By Susan Smith Blakely • March 16, 2012•Balancing Private and Professional Life
Editor's Note: Ms. JD is excited to announce that Susan Smith Blakely, author of Best Friends at the Bar, will be speaking at Ms. JD: She Leads on October 5, 2012. This post originally appeared on the Best Friends at the Bar blog on May 24, 2011.
I hope that you all are familiar with Sheryl Sandberg, former COO of Google and the current COO of Facebook. She also is the mother of two preschoolers, and she has identified an interesting concept that I include in my speeches to young women lawyers. Although Ms. Sandberg is not a lawyer, the concepts that she discusses with young women in business are equally as pertinent to all young women in the law, especially those who are involved in the work-life struggle.
Her concept of “Leaving Before You Leave” is discussed in this video, http://thecareerist.typepad.com/thecareerist/2011/01/facebook-coo.html, where Ms. Sandberg speaks to a group of women about advancing in business. It is one of the most valuable resources that I can recommend to you. Check it out!
As you will see and hear from the video, Ms. Sandberg is very concerned about the future of young women in business. She sees fewer women than she would like on the path to the corner office, and she provides good, sound advice to increase those numbers. In that respect, she and I are very much on the same page in encouraging all of you to have a plan that works for you and keeps you in the game, in one way or another. That will result in more women in positions of power and decision making on policy issues that are so important to the future of women in business and law. That result depends on YOU YOUNG WOMEN AS THE KEY TO SOLVING THE PROBLEM. You can control the outcome and do not have to leave decisions about your professional futures to others with separate agendas. Women have the ability, through careful planning and good personal and professional choices, to have satisfying and successful careers.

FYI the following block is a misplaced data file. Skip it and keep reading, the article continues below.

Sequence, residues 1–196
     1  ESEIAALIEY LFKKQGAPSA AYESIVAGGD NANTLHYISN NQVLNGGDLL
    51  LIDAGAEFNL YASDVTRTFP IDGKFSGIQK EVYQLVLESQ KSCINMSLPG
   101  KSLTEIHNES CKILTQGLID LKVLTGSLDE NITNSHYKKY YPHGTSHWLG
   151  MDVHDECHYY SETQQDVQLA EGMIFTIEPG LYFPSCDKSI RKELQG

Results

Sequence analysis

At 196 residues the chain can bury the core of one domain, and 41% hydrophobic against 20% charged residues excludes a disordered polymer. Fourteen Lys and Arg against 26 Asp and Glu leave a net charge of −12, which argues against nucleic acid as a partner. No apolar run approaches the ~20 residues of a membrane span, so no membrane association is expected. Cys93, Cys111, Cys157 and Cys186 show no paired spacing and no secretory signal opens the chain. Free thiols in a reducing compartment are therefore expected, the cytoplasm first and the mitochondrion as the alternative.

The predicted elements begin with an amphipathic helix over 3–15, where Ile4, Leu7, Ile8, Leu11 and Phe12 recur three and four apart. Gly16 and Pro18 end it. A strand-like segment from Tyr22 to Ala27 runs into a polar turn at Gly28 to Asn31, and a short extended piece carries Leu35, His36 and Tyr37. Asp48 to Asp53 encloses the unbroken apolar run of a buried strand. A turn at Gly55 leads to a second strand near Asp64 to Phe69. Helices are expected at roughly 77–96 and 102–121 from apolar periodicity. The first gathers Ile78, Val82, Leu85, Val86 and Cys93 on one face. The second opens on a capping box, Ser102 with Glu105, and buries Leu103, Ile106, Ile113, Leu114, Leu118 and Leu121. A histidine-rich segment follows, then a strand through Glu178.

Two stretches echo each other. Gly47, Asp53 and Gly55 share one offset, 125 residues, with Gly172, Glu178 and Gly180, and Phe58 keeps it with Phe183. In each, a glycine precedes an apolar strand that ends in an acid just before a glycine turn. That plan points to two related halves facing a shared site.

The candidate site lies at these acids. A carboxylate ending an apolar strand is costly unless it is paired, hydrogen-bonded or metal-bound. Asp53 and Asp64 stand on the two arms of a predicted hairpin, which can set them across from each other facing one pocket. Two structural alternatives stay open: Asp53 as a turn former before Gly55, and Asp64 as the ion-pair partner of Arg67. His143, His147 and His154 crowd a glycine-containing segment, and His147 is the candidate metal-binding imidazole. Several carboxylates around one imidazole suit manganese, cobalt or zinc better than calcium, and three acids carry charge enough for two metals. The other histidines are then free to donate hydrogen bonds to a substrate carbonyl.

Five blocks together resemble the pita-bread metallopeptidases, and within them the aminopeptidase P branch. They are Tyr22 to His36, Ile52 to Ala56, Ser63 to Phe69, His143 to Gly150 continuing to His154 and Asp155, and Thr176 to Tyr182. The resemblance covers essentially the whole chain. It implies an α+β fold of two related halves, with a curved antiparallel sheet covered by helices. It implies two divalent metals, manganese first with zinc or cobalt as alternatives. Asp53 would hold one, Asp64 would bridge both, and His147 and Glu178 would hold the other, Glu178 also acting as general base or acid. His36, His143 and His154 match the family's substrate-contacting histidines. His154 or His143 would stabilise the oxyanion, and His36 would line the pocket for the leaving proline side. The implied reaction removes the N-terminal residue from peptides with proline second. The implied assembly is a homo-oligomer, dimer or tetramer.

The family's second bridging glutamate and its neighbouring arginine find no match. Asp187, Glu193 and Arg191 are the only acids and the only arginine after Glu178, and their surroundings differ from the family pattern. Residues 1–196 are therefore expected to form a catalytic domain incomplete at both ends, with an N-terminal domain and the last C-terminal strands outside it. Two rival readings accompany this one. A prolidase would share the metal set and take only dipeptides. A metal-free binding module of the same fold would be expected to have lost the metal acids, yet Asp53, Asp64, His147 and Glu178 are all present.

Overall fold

Here is my personal take on the subject of “Leaving Before You Leave” as it relates to all of you.
To avoid leaving before you leave, think about how your future is likely to unfold earlier than you might have expected it to—before the pressure is on. Discuss it with your spouse or significant other, have a plan in mind, become comfortable with that plan and then get it over with, put it on the back burner and continue to throw yourself into your practice until the things you anticipate are on the horizon.
At that point—when you actually are faced with putting a plan into action and after all of your hard work in the first years of your practice—hopefully you will be indispensable in your job and you will have the bargaining power that you will need to work out a solution with your firm or other employer that is satisfactory to you and to them.
The key is for you to accept the responsibility early so that you are not like a deer in headlights at year five of your career and make a hasty and unnecessary departure from practice. It is a process, and it ideally starts long before your first billable hour, particularly for women who desire to have children, women who are devoted to family and home, and women who have responsibilities for aging, ill or disabled family members.
It will take time and attention, but you really have no choice unless you are willing to play Russian Roulette with your career. All of this is discussed at length in my book, Best Friends at the Bar: What Women Need to Know about a Career in the Law. Check it out, too!
Here’s the bottom line: At all costs, be the best lawyer that you can be and do not leave before you leave!